On Azure SQL, we use schema-based multitenancy. To add a new tenant, we want to copy a schema that acts as a template for a new tenant schema. What is the easiest way to clone a schema, incl. the data?


I can't use any UI tools, so I'm looking for a procedure to execute in the database. And I also don't want to execute a pre-generated script.

I'm looking for something like this:

exec clone-schema(<source_schema>, <target_schema>)
  • Would you be open to database multi-tenancy instead? There's native ways to clone databases. It's also generally better from a performance, security, and management standpoint to segregate tenants by database.
    – J.D.
    Jul 13, 2023 at 14:59

2 Answers 2


There are no built-in tools that will do this for you. So you are left with a few options.

One of the restrictions that you may not be aware of is that object names (including constraint names) must be unique, so in addition to copying and renaming the schema, you would need to rename the constraints, indexes and other items.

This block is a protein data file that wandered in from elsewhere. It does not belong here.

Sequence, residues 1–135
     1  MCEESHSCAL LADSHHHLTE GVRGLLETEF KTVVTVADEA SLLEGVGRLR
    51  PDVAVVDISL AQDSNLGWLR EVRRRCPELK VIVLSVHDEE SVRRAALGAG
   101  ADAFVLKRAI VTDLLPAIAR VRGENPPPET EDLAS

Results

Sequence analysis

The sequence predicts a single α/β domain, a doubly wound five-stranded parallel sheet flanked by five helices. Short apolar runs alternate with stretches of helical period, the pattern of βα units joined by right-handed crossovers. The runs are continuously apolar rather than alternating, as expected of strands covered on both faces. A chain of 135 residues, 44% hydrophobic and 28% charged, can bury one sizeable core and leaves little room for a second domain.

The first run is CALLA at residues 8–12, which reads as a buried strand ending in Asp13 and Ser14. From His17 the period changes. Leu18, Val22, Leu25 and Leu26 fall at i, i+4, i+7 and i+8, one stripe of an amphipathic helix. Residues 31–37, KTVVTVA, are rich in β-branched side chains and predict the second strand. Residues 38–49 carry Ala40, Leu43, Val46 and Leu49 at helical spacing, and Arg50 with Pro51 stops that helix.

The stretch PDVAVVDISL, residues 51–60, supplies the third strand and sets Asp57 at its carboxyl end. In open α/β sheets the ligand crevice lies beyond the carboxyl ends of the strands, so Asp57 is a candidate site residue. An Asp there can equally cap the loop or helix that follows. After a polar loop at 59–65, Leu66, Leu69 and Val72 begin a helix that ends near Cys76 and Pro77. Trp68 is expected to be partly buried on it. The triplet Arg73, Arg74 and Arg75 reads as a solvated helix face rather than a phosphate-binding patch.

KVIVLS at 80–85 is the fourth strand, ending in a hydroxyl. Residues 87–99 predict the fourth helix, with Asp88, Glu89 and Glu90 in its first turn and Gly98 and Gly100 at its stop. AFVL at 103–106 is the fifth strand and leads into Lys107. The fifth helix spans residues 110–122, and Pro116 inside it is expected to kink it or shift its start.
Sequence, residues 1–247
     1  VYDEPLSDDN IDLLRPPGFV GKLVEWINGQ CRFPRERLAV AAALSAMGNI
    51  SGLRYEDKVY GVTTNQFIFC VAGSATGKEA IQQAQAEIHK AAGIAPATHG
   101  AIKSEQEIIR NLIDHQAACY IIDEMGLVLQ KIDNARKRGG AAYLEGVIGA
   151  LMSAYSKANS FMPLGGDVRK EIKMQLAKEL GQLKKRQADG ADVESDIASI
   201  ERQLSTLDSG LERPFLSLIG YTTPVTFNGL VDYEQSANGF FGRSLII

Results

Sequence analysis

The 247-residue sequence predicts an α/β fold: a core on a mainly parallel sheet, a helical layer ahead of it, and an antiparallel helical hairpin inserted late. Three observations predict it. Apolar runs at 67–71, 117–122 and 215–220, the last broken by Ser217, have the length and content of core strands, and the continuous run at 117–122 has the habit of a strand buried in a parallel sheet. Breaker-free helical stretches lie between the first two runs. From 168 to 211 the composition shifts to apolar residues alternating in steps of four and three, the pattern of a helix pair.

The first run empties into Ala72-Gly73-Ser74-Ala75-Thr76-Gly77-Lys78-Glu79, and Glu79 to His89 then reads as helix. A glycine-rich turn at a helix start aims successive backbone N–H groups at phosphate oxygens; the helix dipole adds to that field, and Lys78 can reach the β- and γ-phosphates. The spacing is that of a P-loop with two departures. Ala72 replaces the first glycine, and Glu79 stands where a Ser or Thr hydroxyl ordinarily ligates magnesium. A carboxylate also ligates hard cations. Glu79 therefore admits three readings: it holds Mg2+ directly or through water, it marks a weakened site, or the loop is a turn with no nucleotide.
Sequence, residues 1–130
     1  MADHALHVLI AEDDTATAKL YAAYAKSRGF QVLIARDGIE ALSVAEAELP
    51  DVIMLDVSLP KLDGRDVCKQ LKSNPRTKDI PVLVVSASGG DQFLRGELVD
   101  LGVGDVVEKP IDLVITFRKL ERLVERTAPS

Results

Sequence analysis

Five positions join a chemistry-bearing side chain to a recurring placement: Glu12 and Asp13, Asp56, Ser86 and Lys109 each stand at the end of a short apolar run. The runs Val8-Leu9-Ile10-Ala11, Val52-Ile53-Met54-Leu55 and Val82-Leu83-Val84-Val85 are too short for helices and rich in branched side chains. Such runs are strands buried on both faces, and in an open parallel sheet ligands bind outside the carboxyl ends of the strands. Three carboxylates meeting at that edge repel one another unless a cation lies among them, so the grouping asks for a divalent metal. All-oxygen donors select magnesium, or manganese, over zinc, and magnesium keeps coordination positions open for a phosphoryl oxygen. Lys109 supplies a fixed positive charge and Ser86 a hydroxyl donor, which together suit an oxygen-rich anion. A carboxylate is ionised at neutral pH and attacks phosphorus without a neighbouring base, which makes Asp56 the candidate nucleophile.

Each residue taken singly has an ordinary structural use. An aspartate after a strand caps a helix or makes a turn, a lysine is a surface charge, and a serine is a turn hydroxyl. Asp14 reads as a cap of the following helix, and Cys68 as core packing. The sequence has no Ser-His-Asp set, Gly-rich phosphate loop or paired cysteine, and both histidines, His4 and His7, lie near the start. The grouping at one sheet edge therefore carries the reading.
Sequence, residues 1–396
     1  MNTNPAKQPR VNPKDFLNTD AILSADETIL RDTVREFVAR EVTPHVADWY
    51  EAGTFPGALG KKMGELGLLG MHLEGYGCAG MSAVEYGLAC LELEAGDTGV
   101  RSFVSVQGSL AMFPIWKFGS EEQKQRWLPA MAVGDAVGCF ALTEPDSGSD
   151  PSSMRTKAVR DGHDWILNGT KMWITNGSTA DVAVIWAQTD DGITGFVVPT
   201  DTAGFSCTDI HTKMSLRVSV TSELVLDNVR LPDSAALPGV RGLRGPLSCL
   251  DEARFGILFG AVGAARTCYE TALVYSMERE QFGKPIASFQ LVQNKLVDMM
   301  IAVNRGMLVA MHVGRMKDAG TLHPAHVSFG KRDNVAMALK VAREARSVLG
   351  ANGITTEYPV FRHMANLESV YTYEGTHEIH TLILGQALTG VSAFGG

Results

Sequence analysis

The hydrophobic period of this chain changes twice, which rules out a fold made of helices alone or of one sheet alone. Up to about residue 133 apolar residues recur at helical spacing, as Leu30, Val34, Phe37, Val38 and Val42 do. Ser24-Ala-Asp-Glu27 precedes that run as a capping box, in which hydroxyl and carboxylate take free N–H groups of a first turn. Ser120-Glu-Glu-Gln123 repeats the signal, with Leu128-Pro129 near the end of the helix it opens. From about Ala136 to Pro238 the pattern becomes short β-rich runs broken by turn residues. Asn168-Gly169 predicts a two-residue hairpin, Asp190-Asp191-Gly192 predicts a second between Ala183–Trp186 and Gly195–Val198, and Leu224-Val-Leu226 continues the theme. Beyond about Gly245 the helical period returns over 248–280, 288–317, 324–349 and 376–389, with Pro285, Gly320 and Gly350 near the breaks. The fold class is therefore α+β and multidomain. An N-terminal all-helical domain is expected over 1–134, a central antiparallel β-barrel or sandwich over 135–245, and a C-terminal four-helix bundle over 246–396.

But this is not the best approach for this type of issue. It sounds like you are trying to make it so that a new tenant can be added in a self-service manner, so you probably aren't interested in using a Visual Studio Database Project (what I would use) to handle these deployments of a new tenant.

So you are going to have to develop your own solution. I would start here https://stackoverflow.com/questions/2505728/create-table-structure-from-existing-table, using the answer by Steve (a few down from the first), that has the code for a stored procedure called "[dbo].[spCloneTableStructure]".

Then it's a matter of wrapping some code that will loop over the source schema and copy/rename the objects and then copy data from one to another as required.

  • Thanks for your answer. Yes, this looks like a start. As we are not SQL Server experts we may look for someone to write the script. Jul 13, 2023 at 13:30
  • 1
    "object names (including constraint names) must be unique" - only within a schema. So there is no need to change any of these names - just need to ensure that all are created within the new schema. i.e. if schema foo has tables foo.T1, foo.T2 and constraints foo.PK1 and foo.PK2 then you can create new schema bar and bar.T1, bar.T2, bar.PK1 and bar.PK2 Jul 13, 2023 at 13:33
  • @MartinSmith thanks for clarifiing Jul 13, 2023 at 15:00

I share the following code that I found, I hope it works for you


  • 1
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    – John K. N.
    Apr 26 at 6:50

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